Shove your Jimi Hendrix loving grandpa out the window, Gen Z. Pop is the new Rock.
Everyone has heard the age-old trope that pop music is “trash” or “garbage” at some point in their lives, whether that was referring to The Beatles or Taylor Swift. That line of thinking often stems from the ideology of rockism, the principles that suppose Rock music is a superior musical genre. While this way of thinking has been Teflon for decades, over the last few years, it has dramatically fallen from universality. In its wake, with a rush of minority voices into the fold, comes Poptimism.
Poptimism first began to be viewed as legitimate after the publication of Kelefa Sanneh’s article in The New York Times, “The Rap Against Rockism,” in 2004. In the piece, Sanneh blasted the standard-bearing of rockism, arguing that pop music is just as worthy of treating as a repository of ideas as rock music. Why should we treat pop songs, which often have more ubiquity and longevity than the “best” rock songs, as being worthless?
While Sanneh helped make the ideology mainstream, Poptimism’s first emergence goes back to around 2002, with the resurgence of Australian pop star Kylie Minogue to the global scene. Minogue was the quintessential pop diva, dominating music markets from the moment her debut single “the Locomotion” dropped in 1987 but shifted sounds with her self-titled LP in 1994. From there, she made a slight left turn for techno and house music before 1997’s Impossible Princess saw her embrace a far more experimental sound. As she slipped from prominence, almost intentionally, she subsequently gained indie cred, most notably after propelling Nick Cave & the Bad Seeds to their biggest hit ever with their duet “Where the Wild Roses Grow.”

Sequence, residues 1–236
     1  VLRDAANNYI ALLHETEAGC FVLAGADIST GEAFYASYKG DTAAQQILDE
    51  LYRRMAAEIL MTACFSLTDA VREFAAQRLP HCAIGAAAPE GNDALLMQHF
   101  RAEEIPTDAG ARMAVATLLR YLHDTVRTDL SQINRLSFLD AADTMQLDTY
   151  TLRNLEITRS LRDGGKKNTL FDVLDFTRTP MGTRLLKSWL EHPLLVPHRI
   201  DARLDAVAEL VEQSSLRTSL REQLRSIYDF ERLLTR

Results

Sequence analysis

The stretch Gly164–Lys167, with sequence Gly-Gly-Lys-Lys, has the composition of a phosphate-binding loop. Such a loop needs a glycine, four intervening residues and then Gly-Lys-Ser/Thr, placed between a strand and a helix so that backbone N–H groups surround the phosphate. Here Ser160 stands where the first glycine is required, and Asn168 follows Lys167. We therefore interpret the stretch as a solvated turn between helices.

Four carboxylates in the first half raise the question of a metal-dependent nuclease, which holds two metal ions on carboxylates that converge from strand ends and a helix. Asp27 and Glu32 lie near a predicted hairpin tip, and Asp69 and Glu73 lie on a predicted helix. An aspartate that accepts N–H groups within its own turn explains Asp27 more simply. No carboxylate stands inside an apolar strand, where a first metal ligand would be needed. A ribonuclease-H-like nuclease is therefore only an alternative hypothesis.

When Minogue returned to the world stage with her 2002 album Fever, she released one of the defining pop songs of the decade, and allegedly the catchiest song of all time,https://www.telegraph.co.uk/culture/music/10383260/I-Cant-Get-You-Out-of-My-Head-named-as-catchiest-tune.html “Can’t Get You Out Of My Head.” The album became one of the first Pop records ever reviewed by the infamous Indie publication Pitchfork, who had devoted all of their attention at that point to exclusively reviewing indie and rock music. Even more notably, the album was given a favorable score of 7.6 out of 10.
While Kylie Minogue first cracked that glass ceiling, Swedish pop star Robyn was the one who shattered it with her self-titled record. Robyn had followed a very similar path to Minogue on her way to critical success: her debut record saw international commercial success before conflicts with her label over her musical direction saw her career slump. After two Swedish-only releases on Jive Records, she founded her own label, Konichiwa Records, after being inspired by the indie rock band The Knife. Robyn struck while the iron was hot; with Robyn being released in 2005, she was the perfect candidate to capitalize on poptimism’s newfound legitimacy. The album then became the second pop record reviewed by Pitchfork and landed on its Top 50 Best Albums of 2005.